Arduino code for antiAFK project by Galvant Industries.
The associated PCB project can be found on GitHub at www.github.com/Galvant/antiAFK-PCB
Pre-assembled boards can be found at http://galvant.ca/shop/antiafk/
This code turns an Arduino Leonardo-compatible board into a USB keyboard which provides periodic random keypresses to the attached computer. The time between key press events are defined by two parameters, period and variance, such that period +- random(variance) is when the next key will be pressed. This value is generated down to 1 millisecond resolution. Both period and variance can be changed by the user and is preserved through power loss.
Once the appropriate amount of time has elapsed, a random key from a pre-defined set is sent to PC. By default this is wasd and space. This key set can be changed by the user and is preserved through power loss.
The inspiration for this project came from my time playing MMORPGs. These games usually involve a persistent online world that involve you logging into a server in order to play. Typically when a player reaches maximum level, these games feature some sort of "end-game" group content, commonly referred to as dungeons, raids, or something else. Because of the group requirements, guilds will schedule a time for everyone to login in order to tackle it.
Here is where the problem is. Some of these games are very popular can will have a login queue. Sometimes this delay can be upwards of an hour for some servers in games like World of Warcraft. This means you have to login well ahead of time of the event , and also ensure that you do not get logged out. Most of these online games will have a inactivity timeout period where you are automatically logged out after a certain time of no input.
Imagine this situation. Your raid is coming up, but your server is so popular that there is a 1 hour queue time. Thankfully you're already logged in, but you want to get up away from the computer. Normally you would get logged out, but instead by using the antiAFK you can stay logged in. Every few minutes it sends a key press in such a way that it really looks like a person is sitting there hitting a semi-random key on a USB keyboard every now-and-then.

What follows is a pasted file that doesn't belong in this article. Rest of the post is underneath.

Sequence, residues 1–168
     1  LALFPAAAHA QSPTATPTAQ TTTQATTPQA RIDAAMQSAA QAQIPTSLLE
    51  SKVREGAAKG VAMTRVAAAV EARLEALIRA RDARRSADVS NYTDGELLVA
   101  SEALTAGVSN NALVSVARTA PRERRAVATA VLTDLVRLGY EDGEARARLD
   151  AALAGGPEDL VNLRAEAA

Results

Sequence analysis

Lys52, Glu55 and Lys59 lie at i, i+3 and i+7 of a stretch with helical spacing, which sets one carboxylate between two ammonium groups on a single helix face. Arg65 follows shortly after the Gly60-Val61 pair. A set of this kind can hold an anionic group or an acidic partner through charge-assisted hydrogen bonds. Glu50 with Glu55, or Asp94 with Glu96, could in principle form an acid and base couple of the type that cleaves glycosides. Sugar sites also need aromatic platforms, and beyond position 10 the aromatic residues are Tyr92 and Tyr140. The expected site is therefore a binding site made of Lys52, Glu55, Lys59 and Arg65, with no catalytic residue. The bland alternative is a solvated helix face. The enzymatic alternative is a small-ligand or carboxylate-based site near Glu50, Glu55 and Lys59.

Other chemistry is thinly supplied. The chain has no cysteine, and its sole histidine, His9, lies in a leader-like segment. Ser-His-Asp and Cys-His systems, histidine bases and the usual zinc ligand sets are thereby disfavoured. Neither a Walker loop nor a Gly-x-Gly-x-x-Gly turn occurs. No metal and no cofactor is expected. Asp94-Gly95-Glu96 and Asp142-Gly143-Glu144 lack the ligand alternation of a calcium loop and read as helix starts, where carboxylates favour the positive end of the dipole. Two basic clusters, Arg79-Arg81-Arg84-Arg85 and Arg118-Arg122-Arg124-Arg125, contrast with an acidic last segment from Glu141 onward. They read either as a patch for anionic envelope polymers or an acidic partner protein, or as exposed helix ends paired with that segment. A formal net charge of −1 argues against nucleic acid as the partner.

This has the advantage over software solutions in that you are not running code that might get you flagged for "botting". Many MMORPGs will scan system memory to check for unauthorized software running. The antiAFK presents itself to the PC as a completely legitimate HID keyboard, the same as your real USB keyboard does!
Plug the antiAFK into an available USB port. On Windows, the first time you do this you will get a device driver error. This is associated with the virtual serial part and not the USB keyboard part. If you have no intention on changing any settings you can safely ignore this.
After your PC is done acknowledging that you have plugged in the antiAFK board, make sure that your PC game is the active window. Then, when you are ready to activate it, press the push-button on the board. In order to provide some feedback, one of the valid keys will be immediately pressed.
You can now safely walk away from your game without worry that you will be automatically logged out. However, do note this will not save you from players reporting you being away during player vs player matches!
Once you return, simply press the button again to deactivate the key presses. Or, one could just remove the antiAFK from their PC USB port.
To compile and upload this project, the following is required. Note that pre-assembled boards already have the code loaded and thus this section can be ignored if you have no intention of compiling the source code.
- Arduino Timer1 library http://playground.arduino.cc/code/timer1
- Entropy library https://code.google.com/p/avr-hardware-random-number-generation/wiki/WikiAVRentropy
This can be installed on any Arduino Leonardo-compatible board using the official Arduion IDE typical installation methods.
When building your own, the push button is connected to digital pin 4 with a pull-up resistor. You can change this as you see fit by modifying the source code.
Period, variance, and the key set can all be changed by the user via the virtual serial port. The easiest way for most will be to use the serial monitor built into the Arduino IDE. Most users will find that the defaults are sufficient for most's needs.
period:10000 This will set the period to 10,000ms = 10sec. Period is stored in an unsigned
long and thus the max value is 2^(32)-1.
variance:5000 This sets the variance to 5,000ms = 5sec. Variance is stored in an unsigned
long and thus the max value is 2^(32)-1.
keys:w asd This would set the valid keys to wasd and space. Note that for this example
the space was located between the 'w' and 'a', but that is not required. It was simply
done to help show that there is a space.
toggle This can be used to toggle the running state of the antiAFK board without
having to activate the physical push-button.
debug This command will toggle on/off the sending of debug messages back to the PC over the
virtual serial port. The default is off. This setting is not saved through power cycles.
keyboard This command will toggle on/off the actual keyboard key presses to the PC.
The default is on. This setting is not saved through power cycles.
This code is released under the AGPLv3 license. A copy of the license, as well as author information can be found in the LICENSE folder.